As hereinbefore stated, after polymerization the high-boiling aromatic oils may be isolated from the resin by distillation under vacuum which may be assisted by steami- The high-boiling polymerizable monomeric material derived from tar obtained in the pyrolysis of petroleum, by rapid distillation or solvent extraction methods also may be polymerized prior to the separation of the desired high-boiling aromatic oils by the application of catalysts, either with or without the simultaneous, or otherwise, application of heat, for example, as described and claimed in said copending application, Serial No. 386,232, filed April 1, 1941, by Waldo C. Ault.

Catalysts such as mineral acids, for example, sulfuric acid, hydrogen chloride, acids of phosphorus, or acid-acting metallic halides or complexes of said halides, preferably organic solvent complexes, as for example, boron triiluoride, aluminum chloride, boron trifluoride-diethy1 ether complex, boron trifluoride-dimethyl ether com- K plex, boron trifluoride-pheny1 ether complex, boron trifiuoride-phenyl methyl ether complex, boron trifiuoride-dioxan complex, boron trifluoride-toluene complex, corresponding aluminum chloride complexes, and the like, may be employed for this purpose.

The metallic halides and their complexes employed are characterized by their ability to hydrolyze in the presence of Water to give an acid reaction and, hence, for convenience they may be termed acid-acting metallic halides.

While high-boiling oils of the type described may be isolated from the tar emulsion by either distillation or solvent extraction methods, as pointed out previously, I prefer to employ highboiling oils which have been isolated by solvent extraction methods because of the presence therein of very much larger proportions of high-boiling aromatic oils of the type desired. The flashdistillation method of isolating such oils from the tar emulsion may permit the polymerization of a portion of the unsaturated materials to take place, though very greatly less than in conventional methods, thus increasing the quantity of resinous and/ or pitch-like materials present. The presence of these polymers efiectively reduces the quantity of the aromatic oils, andparticularly those having a higher boiling range, which may be isolated from the residual tar or pitch. While aromatic oilsboiling above 210 tion of the products of vapor phase oil pyrolysis produced in the manufacture of gas, and may be employed in accordance with the present invention, such aromatic oils are by no means as preferred for this purpose, as are the high-boiling aromatic oils produced by the use-of separation.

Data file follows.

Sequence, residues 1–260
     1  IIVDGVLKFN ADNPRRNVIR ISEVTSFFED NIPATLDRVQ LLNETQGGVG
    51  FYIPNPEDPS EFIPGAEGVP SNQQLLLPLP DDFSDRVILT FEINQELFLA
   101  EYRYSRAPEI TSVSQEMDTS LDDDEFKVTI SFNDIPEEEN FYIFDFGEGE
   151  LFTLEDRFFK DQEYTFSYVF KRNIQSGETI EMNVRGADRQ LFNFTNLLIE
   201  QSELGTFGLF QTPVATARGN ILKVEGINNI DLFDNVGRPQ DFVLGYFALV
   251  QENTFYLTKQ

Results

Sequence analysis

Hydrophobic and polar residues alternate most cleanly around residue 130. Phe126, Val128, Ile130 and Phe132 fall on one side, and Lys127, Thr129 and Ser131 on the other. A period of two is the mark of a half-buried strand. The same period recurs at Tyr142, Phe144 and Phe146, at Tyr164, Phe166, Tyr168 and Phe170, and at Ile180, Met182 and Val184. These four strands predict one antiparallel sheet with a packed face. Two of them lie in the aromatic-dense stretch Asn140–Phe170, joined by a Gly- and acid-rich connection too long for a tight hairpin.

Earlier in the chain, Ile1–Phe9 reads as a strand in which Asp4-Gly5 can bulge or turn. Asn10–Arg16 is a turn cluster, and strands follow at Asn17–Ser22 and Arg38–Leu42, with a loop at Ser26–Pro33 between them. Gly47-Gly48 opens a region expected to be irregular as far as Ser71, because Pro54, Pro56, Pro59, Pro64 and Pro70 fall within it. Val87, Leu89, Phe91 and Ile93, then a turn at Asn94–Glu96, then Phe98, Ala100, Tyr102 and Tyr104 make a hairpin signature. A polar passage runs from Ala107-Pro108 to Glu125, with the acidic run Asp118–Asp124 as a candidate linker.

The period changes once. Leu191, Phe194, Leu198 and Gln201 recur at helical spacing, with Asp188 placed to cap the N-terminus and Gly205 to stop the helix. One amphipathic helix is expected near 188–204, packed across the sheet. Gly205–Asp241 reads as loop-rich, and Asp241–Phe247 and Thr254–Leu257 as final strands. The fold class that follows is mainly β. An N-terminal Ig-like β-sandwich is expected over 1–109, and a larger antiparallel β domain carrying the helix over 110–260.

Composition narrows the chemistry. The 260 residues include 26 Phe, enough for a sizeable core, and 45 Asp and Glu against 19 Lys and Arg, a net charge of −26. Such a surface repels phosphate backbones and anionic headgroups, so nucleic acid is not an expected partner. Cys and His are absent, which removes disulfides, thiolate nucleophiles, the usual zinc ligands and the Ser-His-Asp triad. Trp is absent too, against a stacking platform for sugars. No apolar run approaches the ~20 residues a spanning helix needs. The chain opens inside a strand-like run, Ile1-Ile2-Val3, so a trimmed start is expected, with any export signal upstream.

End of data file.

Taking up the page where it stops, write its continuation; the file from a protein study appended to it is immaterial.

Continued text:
methods, which minimize polymerization of the high-boiling heat polymerizable unsaturates.

In conventional distillation methods, the tars are subjected to elevated temperatures for such lengths of time as to polymerize the far greater part, if not all, of the high-boiling heat polymer izable unsaturates. This results in the production of a very highly viscous mass, from which C.. may be produced by conventional methods-of distillaaromatic oil from the tar, thus produce higharomatic oils having the desired high-boiling range. Separation by distillation prior to polymerization may be preferred in certain cases'for reasons more particularly set forth in said copending applications. Thus, the extracted oils may be distilled prior to polymerization to give a fraction boiling above, for example, say 275-300 C., and a lower boiling fraction. These may be polymerized separately; after which the high-boiling aromatic oils of the type desired may be isolated from the resinous materials obtained. I

The process may be further illustrated by the following examples.

Example 1 Petroleum oil gas tar emulsion obtained by the pyrolysis of a Bureau of Mines type 7 naphthenic oil in the presence of steam in a ceramic chamber at temperatures above 1300 F. is extracted with liquid propane. After removal of the propane, the extracted oil is flash distilled to give a fraction boiling almost entirely above 250 C.

This fraction is polymerized by heating to a 4 temperature of 200 C. for a period of 4 hours after which the aromatic oils are isolated by distillato, during, or after polymerization to isolate the tion ,until a vapor temperature of approximately 200 C., or higher, is reached at a mm. of mercury, absolute.

Example 2 A sample of extracted and distilled oil similar to that employed in Example 1 is polymerized by the addition of 96% sulfuric acid in small portions at temperatures below 50 C. until no further temperature rise is noted. The addition of 1% by weight of acid usually is suiiicient to insure complete polymerization.

with or without the addition of naphtha to reduce the viscosity of the mixture, and the polymerized material washed andv neutralized. The

high-boiling aromatic oils then are isolated by distillation under reduced pressure. Erample3 A sample of extracted and distilled oil similar to that employed in Example 1 is polymerized by the addition of 3% by weight of aluminum'chloride-diethyl ether complex at temperatures below 50 C. After the polymerization'has been completed, the catalyst is neutralized by the addition of an aqueous alkaline solution. Clay or other desired filter aid then is added and the mass filtered. The filtered material is distilled under reduced pressures to isolate the high-boiling aromatic oils.

Any combination of the foregoing or other methods may, of course, be employed to isolate the high-boiling aromatic oils. 1 a

pressure of 20 The acid sludge layer then is removed, either i The oils obtained may be employed in resinous and/or plastic compounds or blends without further treatment with excellent results. However, if desired, they may be by any desired method. q